Would you ever consider office love? This account of the fall out when it goes wrong might help you decide if it’s really worth the risk.
If the United States has an almost 50 percent divorce rate, what is the success rate of dating? Even lower. Everyone at the office is holding their breath for the inevitability of the big break-up. When the breakup happens, people may take sides. Coalitions may form. Who’s the bad one who caused the breakup? This makes for high drama at the office.
The same Vault Inc. survey found that only 22 percent of office romances led to marriage or a long-lasting relationship. When the love is good, everyone is happy but when the love goes sour, watch for the fall out. Many people feel office dating is not a good idea because if the happy couple breaks up, they still have to see and work with each other on a daily basis. Your coworkers the audience watches and waits for the broken couple’s drama to unfold. This is not conducive to a productive work setting for anyone.
Sam was an operations manager for a security organization. He became romantically involved with a direct report, Ginny, who was married a major no-no for two reasons. First, he was her boss, which set himself up for a potential sexual harassment claim later down the road. Second, she was married, which set up office workers to make moral judgments.
The organization’s policy prohibited romantic relationships between supervisors and subordinates. Of course, everyone at the office found out, and it almost brought the house down. Everyone felt uncomfortable and conflicted. Sam’s relationship with Ginny impacted his credibility. His department was not functioning, and the problem of morale went all the way to the top. By the time the two were called into a disciplinary meeting, the relationship was over. But the damage had been done to their respective careers. Sam stayed, but Ginny left the organization. For two years, Ginny’s friends at work held on to hostility toward Sam, and the atmosphere at work was tense and uncomfortable until her friends eventually left.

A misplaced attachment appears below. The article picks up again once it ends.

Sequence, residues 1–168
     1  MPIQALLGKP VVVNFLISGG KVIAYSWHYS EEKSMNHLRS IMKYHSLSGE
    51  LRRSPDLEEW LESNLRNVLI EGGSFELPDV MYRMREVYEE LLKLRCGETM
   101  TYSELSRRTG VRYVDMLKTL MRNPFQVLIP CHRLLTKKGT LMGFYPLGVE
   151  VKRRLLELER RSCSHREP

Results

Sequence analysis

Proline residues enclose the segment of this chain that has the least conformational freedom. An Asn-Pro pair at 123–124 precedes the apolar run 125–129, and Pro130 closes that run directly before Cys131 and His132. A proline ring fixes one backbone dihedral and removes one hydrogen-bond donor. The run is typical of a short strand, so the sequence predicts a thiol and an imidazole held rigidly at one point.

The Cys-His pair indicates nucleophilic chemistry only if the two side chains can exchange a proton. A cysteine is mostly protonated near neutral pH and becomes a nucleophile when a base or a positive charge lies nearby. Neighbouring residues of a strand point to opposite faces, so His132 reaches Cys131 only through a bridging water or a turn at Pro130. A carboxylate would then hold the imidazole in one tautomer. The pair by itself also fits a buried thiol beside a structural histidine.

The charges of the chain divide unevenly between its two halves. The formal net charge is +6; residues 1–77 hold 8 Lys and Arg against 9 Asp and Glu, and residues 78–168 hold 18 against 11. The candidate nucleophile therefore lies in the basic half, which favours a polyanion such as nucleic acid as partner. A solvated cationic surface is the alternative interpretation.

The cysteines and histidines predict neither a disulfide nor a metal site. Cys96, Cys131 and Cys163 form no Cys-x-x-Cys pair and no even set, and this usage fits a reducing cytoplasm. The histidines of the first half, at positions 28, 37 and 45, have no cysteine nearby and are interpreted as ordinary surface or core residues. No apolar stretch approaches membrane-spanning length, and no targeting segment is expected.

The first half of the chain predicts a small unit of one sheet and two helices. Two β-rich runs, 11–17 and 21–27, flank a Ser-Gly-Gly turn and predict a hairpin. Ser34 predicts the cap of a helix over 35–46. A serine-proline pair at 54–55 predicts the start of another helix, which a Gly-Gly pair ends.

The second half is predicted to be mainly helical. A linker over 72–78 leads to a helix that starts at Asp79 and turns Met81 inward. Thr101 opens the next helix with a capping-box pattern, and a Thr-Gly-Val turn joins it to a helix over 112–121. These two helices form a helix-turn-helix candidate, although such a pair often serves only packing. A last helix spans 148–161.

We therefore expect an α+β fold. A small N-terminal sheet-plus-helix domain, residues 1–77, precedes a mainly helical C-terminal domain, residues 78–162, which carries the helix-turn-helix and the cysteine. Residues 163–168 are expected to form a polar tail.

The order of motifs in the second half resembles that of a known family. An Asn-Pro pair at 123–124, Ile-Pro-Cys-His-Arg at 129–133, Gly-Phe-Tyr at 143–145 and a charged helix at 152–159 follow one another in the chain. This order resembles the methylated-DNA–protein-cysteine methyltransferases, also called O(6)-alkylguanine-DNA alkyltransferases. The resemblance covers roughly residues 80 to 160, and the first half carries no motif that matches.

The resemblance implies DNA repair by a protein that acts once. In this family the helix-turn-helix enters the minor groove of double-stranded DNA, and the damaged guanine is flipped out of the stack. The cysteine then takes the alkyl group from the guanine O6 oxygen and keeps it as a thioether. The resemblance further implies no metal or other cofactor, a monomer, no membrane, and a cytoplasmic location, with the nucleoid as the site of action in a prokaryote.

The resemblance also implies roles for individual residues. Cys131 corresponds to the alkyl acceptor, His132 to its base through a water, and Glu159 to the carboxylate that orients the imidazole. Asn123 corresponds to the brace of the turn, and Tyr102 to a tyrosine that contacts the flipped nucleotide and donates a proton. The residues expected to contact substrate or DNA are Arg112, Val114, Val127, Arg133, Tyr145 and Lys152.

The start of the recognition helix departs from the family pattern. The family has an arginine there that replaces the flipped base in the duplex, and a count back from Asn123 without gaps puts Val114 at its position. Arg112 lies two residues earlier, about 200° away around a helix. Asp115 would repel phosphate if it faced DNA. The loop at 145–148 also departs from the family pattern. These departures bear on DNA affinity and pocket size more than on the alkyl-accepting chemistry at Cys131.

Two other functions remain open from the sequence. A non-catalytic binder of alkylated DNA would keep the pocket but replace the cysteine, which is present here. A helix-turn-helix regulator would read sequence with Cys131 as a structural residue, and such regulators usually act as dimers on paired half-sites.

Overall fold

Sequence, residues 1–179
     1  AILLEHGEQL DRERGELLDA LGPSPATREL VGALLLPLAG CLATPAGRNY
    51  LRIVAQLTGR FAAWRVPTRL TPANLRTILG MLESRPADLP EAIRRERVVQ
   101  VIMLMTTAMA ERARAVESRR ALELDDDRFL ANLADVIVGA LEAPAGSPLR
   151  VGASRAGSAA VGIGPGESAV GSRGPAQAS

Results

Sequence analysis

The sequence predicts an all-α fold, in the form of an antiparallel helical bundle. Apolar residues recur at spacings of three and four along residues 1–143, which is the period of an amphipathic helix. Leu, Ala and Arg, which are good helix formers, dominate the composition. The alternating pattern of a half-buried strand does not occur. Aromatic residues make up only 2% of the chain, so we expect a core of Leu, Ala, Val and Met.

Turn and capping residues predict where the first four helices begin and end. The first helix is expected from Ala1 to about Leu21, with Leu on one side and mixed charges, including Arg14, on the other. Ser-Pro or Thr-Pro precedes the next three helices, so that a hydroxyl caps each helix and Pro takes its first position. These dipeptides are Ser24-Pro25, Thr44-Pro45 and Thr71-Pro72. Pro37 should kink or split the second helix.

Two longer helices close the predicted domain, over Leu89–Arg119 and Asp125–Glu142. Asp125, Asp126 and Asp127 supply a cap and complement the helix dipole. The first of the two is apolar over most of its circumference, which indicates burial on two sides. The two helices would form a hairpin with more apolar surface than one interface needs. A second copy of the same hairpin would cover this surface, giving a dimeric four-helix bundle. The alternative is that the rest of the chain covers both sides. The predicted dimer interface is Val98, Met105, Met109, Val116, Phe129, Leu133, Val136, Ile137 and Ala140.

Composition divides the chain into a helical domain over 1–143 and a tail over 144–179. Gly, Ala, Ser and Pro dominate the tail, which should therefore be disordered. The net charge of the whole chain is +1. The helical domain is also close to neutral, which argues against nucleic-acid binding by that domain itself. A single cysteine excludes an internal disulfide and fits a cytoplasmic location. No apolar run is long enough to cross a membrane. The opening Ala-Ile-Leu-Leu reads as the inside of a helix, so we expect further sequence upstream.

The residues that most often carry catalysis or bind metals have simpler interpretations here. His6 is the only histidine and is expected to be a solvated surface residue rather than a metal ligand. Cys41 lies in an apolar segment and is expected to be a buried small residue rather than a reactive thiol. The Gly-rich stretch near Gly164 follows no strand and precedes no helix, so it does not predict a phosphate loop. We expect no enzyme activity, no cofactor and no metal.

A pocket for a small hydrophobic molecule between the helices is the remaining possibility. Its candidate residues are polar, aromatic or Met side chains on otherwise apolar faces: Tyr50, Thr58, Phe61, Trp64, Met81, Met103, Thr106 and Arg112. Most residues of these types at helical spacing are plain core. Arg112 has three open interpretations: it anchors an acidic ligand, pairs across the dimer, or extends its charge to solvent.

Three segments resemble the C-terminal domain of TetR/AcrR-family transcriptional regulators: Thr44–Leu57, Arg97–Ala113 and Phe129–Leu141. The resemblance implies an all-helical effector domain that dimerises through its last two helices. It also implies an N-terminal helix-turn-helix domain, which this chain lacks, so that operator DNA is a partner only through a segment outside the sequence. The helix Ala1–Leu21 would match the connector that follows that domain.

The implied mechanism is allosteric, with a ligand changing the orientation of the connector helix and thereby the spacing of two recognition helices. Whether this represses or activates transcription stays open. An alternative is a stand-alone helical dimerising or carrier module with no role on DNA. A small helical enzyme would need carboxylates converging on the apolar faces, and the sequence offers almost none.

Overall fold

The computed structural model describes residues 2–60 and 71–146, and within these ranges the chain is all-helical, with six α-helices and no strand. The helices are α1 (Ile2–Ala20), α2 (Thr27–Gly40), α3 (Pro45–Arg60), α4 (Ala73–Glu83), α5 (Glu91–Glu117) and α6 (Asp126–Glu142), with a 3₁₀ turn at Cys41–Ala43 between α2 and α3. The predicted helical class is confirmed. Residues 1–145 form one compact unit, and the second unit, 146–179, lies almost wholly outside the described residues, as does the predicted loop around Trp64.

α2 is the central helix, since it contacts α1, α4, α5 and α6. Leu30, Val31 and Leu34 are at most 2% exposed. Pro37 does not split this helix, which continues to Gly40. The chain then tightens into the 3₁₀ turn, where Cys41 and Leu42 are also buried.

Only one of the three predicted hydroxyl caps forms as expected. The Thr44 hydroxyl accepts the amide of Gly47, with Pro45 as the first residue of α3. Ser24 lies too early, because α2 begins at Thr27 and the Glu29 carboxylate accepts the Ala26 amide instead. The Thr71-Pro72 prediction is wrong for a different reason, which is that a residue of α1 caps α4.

Today Sam is militant about not allowing workplace romance. The organization has taken extreme measures, such as no holiday luncheons, company barbeques, staff birthday parties, drinks with coworkers after hours, or off-site dinner award banquets.
Does Cupid Have a Place in the Office?
Workplace romances sometimes present a threat to organizational effectiveness through their negative effects on participants and coworkers. Other times, workplace romances can enhance workplace effectiveness through their positive effects on participants and their coworkers. Everyone enjoys being around people who are happy and walking that high of a new relationship. But remember the danger and potential landmines lurking in the hallways.
One of the major red flags of an office romance landmine is hierarchy, when one person reports to another (as with Sam and Ginny). Another kind of office romance is utilitarian, in which one participant satisfies personal/sexual needs in exchange for satisfying the other participant’s task/career needs. Yes, it is often called sleeping your way to the top. Sex is provided as a utilitarian vehicle to get that promotion. It’s not a behavior we advise.